Cascade Bicycle Club has joined the legal battle over the Bike Master Plan update started by a handful of people upset about city plans to build a bikeway in the giant parking lot stretching between the Fremont Bridge and South Lake Union.
In legalese, the city’s Hearing Examiner has approved a motion by Cascade to “intervene” on the city’s behalf. This allows the club to assist the city attorney’s office with the legal work needed to defend the Bike Master Plan.
“The hearings examiner’s decision is an important first step toward bringing a speedy resolution to the Stakeholder Group’s lawsuit and helps the city begin full implementation of the new Bicycle Master Plan,” club Policy Manager Brock Howell said in a blog post.
Cascade is also organizing a “policy ride” on Westlake Sunday to demonstrate that there is a demand for a safe bikeway in the corridor. Councilmember Tom Rasmussen is scheduled to join. If you want to participate, meet at the Fremont PCC at 2 p.m. The ride will be followed by a happy hour at RE:PUBLIC.
Defeating the Westlake legal action is a goal of last resort. A much more positive course of action would be for the people behind the suit to withdraw from legal action and instead come back to the table to discuss Westlake plans. The people who filed this suit perhaps underestimated how many people in neighborhoods across the city have invested themselves in this master plan. Their obstruction is unpopular and not likely to help them stop plans for Westlake, which are moving ahead despite the Bike Master Plan delay.
As we have reported, the Westlake remake is already funded and is not reliant on the Bike Master Plan. Delaying the master plan was either a mistaken attempt to stop the Westlake plans or a transparent attempt to flex legal muscle.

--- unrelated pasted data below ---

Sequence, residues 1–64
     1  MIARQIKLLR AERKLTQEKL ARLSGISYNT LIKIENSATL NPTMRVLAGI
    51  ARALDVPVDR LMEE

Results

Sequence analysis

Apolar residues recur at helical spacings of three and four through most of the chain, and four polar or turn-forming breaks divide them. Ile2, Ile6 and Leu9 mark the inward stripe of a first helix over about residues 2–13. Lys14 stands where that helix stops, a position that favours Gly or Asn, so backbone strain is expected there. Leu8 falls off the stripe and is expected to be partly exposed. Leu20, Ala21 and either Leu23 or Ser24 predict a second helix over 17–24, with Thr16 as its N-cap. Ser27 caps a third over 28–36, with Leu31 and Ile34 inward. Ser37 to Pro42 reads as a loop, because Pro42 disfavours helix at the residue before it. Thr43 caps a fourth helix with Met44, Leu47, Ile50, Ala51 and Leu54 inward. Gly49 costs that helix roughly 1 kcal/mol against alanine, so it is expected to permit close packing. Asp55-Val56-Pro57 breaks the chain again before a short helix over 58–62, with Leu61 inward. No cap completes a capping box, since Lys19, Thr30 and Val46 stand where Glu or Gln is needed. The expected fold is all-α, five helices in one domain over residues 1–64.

In fact, the Bike Master Plan update actually calls for much less radical action on Westlake than the existing and city-approved 2007 plan. The 2007 plan put Westlake on the list of “key corridors for short-term study and corridors where an improvement is needed, but the facility is unknown.” The funded Westlake project is essentially an attempt to identify what that facility will be, and planners are currently drawing up a handful of options. So if they wanted to stop the Westlake bikeway at the Master Plan level, they are about seven years late.
But that’s not all. There’s also this paragraph (in the 2007 plan’s appendix) that I’m guessing the people suing the bike plan update would not be super excited about:
If properties are redeveloped with non-water-dependent land uses on Westlake Avenue N, the city should work with local businesses to explore the possibility of constructing new buildings close to Westlake Avenue (where the existing parking lots are). This would provide space along the waterfront area for public use, including a wide-surface multi-use trail.
So the irony here is that the plan update this handful of people are suing to block actually removes this plan for a waterfront trail. All the update adds to the 2007 plan is the idea that the bike lane through the corridor should have some kind of separation from cars, which is a no-brainer if the goal is to serve people of all-ages and abilities.
So the people angry about Westlake decided to sue the wrong project. Unfortunately for them, it will likely do nothing to help them in their fight against the Westlake bikeway (in fact, it might hurt them since an obstructionist move like this and their recent so-called “private community meeting” diminishes their ability to claim they are an honest community group acting in good faith). Unfortunately for everyone else in Seattle, their legal action threatens to delay plans to improve road safety in other neighborhoods and downtown.
It is in the best interest of the Westlake Stakeholders to signal to the city and people interested in a safe bikeway that they still want to be a partner in developing Westlake plans. There’s only one way to do that: They need to drop this legal action.